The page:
KURTZ: As far as Donald Trump, Jr., with the benefit of hindsight, are there things you would have done differently, for example, taking the 2016 Trump Tower meeting with the Russian lawyer?

TRUMP: You know, you had a Russian lawyer who was trying a case earlier that day downtown in New York City. I'm in business. You take a hundred meetings for something that happened. You listen. You want all the information. So, I don't.

But what's frustrating to me though is that that was the basis of two, three years of investigations, nonstop this, traitor, all of the sound bites that you've heard. But the fact that that person was meeting with Fusion GPS before and after that meeting, that Hillary Clinton and the DNC were paying Fusion GPS for this information, that they paid foreign agents in foreign countries, that's no problem. That merits no investigation whatsoever --

KURTZ: Once that meeting was revealed by The New York Times, could you all have done a better job of getting the facts out?

TRUMP: The reality is this, I mean, people say, oh, we lied -- we didn't lie about it. They asked what the meeting was about. We have no obligation to tell The New York Times in a kill piece more than we want to say. But the reason they knew about it is this, we handed these e-mails over. It wasn't that The New York Times magically discovered this. We handed it over and someone leaked it. But we were being open and honest, as we have been.

You don't think for one second that the, you know, the tinfoil hat brigade, Adam Schiff, spent seven or eight hours testifying. You don't think that he gave my testimony. Those seven or eight hours of the 27 hours, you know, on a 20-minute meeting, 27 hours. You don't think that those guys were giving all of that to Mueller to make sure let's see if he lied somewhere? We were open and honest about this from moment one.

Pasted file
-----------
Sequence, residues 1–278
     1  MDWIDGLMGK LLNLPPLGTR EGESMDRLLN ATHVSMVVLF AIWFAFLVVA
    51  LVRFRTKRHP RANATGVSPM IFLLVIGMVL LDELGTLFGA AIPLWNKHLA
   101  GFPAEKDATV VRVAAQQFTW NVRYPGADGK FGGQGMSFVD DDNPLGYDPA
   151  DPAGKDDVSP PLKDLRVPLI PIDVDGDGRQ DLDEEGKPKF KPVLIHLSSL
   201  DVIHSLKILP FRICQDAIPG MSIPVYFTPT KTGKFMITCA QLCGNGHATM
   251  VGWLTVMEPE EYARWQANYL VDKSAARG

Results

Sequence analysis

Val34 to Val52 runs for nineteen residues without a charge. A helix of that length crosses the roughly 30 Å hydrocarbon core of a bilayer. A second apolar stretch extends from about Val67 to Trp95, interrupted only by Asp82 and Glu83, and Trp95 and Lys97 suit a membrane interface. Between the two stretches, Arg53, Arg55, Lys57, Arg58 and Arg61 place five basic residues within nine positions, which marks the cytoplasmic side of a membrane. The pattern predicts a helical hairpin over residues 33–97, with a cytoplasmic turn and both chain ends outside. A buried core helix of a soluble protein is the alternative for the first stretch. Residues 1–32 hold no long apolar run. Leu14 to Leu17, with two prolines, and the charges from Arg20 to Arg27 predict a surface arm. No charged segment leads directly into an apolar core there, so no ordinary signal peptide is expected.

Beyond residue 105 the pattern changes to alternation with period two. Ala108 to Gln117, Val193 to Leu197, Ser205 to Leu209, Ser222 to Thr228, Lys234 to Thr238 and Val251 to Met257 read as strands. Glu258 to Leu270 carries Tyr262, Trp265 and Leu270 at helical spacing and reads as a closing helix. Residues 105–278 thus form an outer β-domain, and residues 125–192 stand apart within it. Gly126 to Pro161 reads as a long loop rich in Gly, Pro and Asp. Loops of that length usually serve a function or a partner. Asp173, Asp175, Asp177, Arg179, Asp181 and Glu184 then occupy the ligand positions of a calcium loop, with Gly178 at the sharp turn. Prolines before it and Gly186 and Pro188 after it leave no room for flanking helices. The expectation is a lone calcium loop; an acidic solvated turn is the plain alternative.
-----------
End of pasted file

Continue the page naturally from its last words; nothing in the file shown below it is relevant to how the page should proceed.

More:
KURTZ: You mentioned Adam Schiff, the House Intel chairman, you also called him slimy, but should we get to a point now the investigation is over where the White House and Congress, where Democrats and Republicans could work together and do some things for the country and wouldn't that require taking a little bit of the --

TRUMP: I said that the other night on Tucker, actually. I'd love to see Republicans and Democrats get together. How about we work on infrastructure? Because the reality is this, look at the numbers, Howie.

Look at unemployment rates, look at your 401 K, look at the stock market, look at rising wages, you know, again, all-time low African-American unemployment, all-time low Hispanic unemployment, all-time low female unemployment. My father's record is impeccable.

KURTZ: You're talking about your father's record. Now, top aides and advisers to him have told me on many occasions that they think sometimes he steps on his own message, distracts from his own agenda with the Twitter attacks and the insults. You ever had that conversation with him?


TRUMP: This is a no-win answer, Howie.

KURTZ: I think I've struck gold.  TRUMP: Listen, I think there are times when that certainly happen. I mean, I'm guilty of it myself. You know, I think the reality -- he's a counterpuncher.

KURTZ: Yeah.

TRUMP: But the thing is this. If we lived in a fair world where fine it was 50 percent, you know, left and right and people were trying to be objective, it'd be one thing. But we live in a world where 93 percent negative coverage, of what? Of the record I just described? Of all-time low unemployment numbers, of bringing jobs back to America --